Do You Own Your AdWords Account? Are You Sure?

This, to me, is an interesting question. When you have someone create AdWords accounts or the structure within the account, does the end client “own” that account? We’ve seen with the recent evaporation of Trada that it certainly is not always quite that simple. I was in a Twitter exchange yesterday with a few folks where we were talking about this topic:

 

 

 

 

 

This is a topic that I feel REALLY strongly about. For all of our projects, once all invoices are paid, the client owns the work product, period. When we take on new clients, we have them in control of accounts and we are granted access to them, not the other way around. I have just worked with too many clients over the years who have had to completely start over on web sites or PPC because when they wanted to switch providers, the could not gain access to the account or files. In some cases, they are told that they do not own the work product and in other cases, they simply cannot get in touch with anyone from the former agency to get the access information they need. No matter how it happens, it is hugely problematic for clients.

Web sites probably seem more straightforward than an AdWords account, maybe? To me, it is the same, but I could see an argument that they are somewhat different in end work product. Here is the rub though – virtually all clients will assume that they own what you’re doing for them if they pay for it. Even if it is buried deep within your contract that they do not own it, chances are they will think that they do.  And, why wouldn’t they think that? That is how most transactions in our economy work – you contract for a service, you pay for the service, you get the service. Same goes for products.

If your terms are such that a client will not be able to use/take with them/transfer the AdWords account that you create for them, it is truly your obligation to state that to them verbally before they sign a contractual agreement with you. Sure, you could say that it is “in the contract” and they should read every word before they sign, but I still think the right thing to do is to make sure that they are making an informed decision. And they cannot do that if you’re being at all coy about what will happen if they decide to stop working with you. Imagine if you thought you were making mortgage payments and when you went to move found out you’d only been renting. This is the same thing.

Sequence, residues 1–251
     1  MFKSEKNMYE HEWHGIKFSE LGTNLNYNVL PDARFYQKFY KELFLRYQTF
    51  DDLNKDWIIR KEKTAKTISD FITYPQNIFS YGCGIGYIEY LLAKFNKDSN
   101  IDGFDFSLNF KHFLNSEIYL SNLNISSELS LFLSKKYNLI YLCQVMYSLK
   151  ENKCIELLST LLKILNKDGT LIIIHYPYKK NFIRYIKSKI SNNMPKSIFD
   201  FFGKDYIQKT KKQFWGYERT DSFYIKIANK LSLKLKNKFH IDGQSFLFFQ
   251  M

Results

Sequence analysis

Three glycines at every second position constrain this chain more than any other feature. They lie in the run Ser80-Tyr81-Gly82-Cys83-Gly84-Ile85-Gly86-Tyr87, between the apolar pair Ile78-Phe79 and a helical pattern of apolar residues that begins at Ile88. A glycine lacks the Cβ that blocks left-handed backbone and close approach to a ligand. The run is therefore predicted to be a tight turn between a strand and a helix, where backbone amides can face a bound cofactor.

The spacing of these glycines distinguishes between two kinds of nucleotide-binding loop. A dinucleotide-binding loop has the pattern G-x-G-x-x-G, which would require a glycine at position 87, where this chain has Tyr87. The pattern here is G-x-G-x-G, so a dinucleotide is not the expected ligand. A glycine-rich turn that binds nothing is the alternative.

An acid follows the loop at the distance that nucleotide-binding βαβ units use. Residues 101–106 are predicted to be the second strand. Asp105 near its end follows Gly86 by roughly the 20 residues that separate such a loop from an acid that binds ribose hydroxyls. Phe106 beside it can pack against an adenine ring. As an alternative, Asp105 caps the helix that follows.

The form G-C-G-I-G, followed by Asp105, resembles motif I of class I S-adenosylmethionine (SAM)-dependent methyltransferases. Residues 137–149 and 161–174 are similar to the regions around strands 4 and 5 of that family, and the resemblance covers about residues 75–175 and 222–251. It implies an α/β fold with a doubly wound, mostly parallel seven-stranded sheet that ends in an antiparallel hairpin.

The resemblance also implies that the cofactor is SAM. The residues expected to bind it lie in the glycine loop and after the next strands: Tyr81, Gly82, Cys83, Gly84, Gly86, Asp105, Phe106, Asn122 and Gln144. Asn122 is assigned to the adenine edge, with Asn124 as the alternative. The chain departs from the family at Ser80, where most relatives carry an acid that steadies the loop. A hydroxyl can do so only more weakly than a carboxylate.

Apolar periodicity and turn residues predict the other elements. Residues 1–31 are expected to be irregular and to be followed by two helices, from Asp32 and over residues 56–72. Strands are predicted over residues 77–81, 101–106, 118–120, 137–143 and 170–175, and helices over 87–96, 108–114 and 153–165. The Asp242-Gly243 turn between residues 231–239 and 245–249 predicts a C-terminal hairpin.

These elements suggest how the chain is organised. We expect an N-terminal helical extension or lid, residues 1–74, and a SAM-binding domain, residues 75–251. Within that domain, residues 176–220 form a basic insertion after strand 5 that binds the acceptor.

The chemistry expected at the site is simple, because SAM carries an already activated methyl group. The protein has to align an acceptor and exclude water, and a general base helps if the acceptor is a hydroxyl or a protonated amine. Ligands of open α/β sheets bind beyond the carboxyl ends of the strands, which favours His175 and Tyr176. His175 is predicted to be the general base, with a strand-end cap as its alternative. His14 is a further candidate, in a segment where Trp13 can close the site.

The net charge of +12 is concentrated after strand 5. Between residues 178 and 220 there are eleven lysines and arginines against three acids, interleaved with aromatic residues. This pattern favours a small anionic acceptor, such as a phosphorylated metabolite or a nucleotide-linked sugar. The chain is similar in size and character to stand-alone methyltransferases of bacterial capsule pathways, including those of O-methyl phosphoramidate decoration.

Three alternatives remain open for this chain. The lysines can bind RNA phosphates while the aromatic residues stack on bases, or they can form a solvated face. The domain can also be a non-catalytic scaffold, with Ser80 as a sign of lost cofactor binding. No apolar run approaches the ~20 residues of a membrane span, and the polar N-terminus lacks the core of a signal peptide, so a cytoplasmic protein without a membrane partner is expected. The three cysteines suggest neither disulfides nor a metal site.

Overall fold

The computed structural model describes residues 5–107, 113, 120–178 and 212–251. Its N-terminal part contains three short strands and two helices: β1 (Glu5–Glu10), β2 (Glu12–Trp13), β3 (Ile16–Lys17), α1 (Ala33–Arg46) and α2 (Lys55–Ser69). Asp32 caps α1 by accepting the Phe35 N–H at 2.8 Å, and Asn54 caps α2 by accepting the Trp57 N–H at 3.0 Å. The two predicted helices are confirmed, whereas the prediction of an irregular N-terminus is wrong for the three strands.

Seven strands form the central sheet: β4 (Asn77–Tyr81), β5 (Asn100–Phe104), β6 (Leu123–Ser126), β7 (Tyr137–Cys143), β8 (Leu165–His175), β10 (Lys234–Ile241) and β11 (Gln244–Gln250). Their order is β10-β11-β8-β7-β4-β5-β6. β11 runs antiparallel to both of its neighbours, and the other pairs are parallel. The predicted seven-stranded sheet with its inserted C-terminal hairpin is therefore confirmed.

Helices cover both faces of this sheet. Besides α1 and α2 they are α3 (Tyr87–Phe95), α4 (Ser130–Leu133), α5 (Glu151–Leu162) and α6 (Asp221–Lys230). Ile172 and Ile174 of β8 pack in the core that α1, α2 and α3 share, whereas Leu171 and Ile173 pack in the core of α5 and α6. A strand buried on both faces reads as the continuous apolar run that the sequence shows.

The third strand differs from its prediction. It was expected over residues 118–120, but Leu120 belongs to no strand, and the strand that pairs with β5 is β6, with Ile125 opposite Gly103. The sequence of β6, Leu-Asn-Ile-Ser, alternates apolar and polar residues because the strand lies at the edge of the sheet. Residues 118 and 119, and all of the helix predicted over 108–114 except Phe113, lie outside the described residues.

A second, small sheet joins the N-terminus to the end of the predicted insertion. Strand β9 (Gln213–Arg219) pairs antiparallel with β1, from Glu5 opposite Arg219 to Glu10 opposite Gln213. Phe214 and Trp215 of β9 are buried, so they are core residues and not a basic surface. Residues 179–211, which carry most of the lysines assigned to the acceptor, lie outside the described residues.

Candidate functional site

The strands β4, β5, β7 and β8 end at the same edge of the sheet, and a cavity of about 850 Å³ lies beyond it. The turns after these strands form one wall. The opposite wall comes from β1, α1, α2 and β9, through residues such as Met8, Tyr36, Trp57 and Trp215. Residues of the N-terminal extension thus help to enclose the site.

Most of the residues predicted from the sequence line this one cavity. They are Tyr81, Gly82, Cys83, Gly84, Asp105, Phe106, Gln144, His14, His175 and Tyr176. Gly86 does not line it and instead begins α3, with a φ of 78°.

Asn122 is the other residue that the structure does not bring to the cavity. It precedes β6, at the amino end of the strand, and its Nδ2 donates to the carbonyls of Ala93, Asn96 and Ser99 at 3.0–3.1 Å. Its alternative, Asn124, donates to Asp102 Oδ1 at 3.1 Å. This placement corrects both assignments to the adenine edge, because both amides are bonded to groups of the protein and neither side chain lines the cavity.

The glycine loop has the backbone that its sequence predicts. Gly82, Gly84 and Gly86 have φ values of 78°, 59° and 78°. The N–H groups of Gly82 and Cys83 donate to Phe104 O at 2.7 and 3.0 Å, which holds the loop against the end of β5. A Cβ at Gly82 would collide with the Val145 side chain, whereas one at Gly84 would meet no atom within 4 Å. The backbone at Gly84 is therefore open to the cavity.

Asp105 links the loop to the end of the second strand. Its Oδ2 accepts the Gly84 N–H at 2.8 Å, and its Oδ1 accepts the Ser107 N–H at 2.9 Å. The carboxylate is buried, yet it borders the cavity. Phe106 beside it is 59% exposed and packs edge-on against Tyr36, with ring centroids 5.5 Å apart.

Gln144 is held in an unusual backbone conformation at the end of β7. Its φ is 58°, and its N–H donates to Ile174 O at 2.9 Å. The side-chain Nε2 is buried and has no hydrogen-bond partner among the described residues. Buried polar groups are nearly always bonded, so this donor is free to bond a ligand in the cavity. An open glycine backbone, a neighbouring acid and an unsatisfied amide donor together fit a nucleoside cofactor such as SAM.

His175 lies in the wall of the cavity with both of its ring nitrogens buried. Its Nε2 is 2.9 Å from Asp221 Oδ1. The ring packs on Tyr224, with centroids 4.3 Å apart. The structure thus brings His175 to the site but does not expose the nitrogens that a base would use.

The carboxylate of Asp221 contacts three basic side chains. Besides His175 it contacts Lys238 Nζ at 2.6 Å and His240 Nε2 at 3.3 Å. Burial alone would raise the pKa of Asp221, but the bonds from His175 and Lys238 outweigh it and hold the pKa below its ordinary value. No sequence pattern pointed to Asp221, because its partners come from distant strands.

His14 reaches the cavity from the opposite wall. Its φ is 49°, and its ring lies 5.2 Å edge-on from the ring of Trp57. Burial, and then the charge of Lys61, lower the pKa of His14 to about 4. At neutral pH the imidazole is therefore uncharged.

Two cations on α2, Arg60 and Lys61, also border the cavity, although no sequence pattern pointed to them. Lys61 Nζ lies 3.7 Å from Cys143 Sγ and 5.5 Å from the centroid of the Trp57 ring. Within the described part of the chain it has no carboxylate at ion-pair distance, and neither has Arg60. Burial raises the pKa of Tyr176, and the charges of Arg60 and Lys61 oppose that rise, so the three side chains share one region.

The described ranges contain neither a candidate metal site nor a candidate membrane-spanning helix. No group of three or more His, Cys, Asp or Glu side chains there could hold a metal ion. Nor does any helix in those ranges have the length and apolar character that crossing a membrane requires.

So, here is my advice to both agencies and consultants and to clients – talk about this specifically when you are discussing the scope and terms of the project. Clients – ask directly about ownership and transferability. Agencies and consultants be clear about what your contract states and what the client is entitled to should they want to terminate the relationship with you. We advise clients to ALWAYS insist on having the account information provided to them. For AdWords, that would mean the account number and having at least one person at your organization who has login access. As a side note – make sure that this information is possessed by more than a single person at your organization – staff changes and that should not be the reason you can’t access your account! For web sites, make sure you have login access to you hosting account and we also recommend setting up and keeping a regular backup copy of your web site in case of emergency.

Bottom line is this, transparency is crucial. If your agency feels that a client should not be able to take over the account that the agency built for them should they want to move to another firm or self management, that should be made clear before they’re in too deep. Clients, you have a responsibility to make sure that you understand the terms as well.

Lost access to your AdWords account? My post about how to try to regain access can be found here.

As always – share your thoughts in the comments on back on Twitter!

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